4. Prepare for the interview process
I have to admit, I was pretty nervous for my interviews. Some families were inviting while others were quite awkward! After you have spoken to a family, set up a Skype interview with them. Skype is one of the best ways to get to see and meet with your future host family. You will get a better idea as to who they are as a family and they will get to know who you are as a person. It‘s okay to have multiple interviews with more than one family. In fact, if they invite you for a second interview, it means that they are really interested in having you join them. Put together a list of questions to ask, like:
How many kids do they have?
What would your responsibilities be?
How old are their kids?
Where would you stay? (Would you be staying in a room in the house or in your own apartment?)
What would your working hours be?
Will you be cleaning or only looking after the kids?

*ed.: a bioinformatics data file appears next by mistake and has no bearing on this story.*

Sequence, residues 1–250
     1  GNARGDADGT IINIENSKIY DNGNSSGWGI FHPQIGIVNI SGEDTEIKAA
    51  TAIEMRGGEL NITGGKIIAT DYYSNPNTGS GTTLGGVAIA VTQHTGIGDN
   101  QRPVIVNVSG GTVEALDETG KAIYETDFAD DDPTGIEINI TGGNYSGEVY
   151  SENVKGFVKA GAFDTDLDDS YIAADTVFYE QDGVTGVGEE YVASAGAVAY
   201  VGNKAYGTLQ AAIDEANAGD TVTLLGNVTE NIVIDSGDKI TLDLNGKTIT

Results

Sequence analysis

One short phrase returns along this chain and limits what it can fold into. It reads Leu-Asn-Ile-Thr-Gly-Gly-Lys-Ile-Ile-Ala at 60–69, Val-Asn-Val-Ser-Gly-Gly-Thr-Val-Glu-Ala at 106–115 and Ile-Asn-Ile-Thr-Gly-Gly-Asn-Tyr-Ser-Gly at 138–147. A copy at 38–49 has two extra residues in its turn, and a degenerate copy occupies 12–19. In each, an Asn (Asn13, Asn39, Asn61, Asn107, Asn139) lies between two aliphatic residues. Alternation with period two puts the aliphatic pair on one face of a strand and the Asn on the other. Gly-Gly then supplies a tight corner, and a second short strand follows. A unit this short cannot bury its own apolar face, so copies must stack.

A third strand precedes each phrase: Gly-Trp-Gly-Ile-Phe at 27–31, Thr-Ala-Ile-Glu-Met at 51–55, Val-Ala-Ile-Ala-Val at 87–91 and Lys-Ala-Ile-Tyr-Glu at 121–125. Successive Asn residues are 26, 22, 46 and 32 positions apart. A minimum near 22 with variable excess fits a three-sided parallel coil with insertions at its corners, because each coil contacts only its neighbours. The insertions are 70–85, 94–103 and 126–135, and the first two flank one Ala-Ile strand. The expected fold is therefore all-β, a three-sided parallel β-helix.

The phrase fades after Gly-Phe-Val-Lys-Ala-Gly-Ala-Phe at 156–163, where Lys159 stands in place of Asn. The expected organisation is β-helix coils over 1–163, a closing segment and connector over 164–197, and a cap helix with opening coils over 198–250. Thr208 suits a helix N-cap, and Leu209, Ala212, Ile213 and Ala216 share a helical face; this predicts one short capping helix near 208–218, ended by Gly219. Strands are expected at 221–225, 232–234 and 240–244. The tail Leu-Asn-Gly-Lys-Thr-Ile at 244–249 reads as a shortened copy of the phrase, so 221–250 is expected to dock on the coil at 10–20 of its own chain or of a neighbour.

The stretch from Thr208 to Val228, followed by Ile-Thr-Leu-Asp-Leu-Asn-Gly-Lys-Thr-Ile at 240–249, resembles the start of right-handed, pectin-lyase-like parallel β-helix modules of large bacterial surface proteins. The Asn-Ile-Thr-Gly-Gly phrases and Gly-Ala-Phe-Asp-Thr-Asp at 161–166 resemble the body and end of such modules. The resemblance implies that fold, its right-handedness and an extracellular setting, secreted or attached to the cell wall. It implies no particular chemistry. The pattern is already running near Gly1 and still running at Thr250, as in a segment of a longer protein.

How much pocket money are they able to provide you with?
Where do they stay?
What do their kids enjoy?
Will they provide you with a car?
Will they be taking you with them on trips?
How big is your room? Do you have your own bathroom?
Will they be paying for you to enroll in an English school?
Do they cover any other costs?
There are plenty of little things that you can ask them about, so don’t be shy…you need to know what you are getting yourself into. Find out everything before taking the next step. Take notes. It’s up to you to decide what you are able to live with and what you can live without. Know where you stand and come to a mutual agreement. Some families are a bit stingy when it comes to ‘pocket money’ – read up online about what the minimum wage is for that country and if it’s enough for you to do little things here or there; you don’t want to move to a country and then not be able to enjoy the little pleasure it has to offer.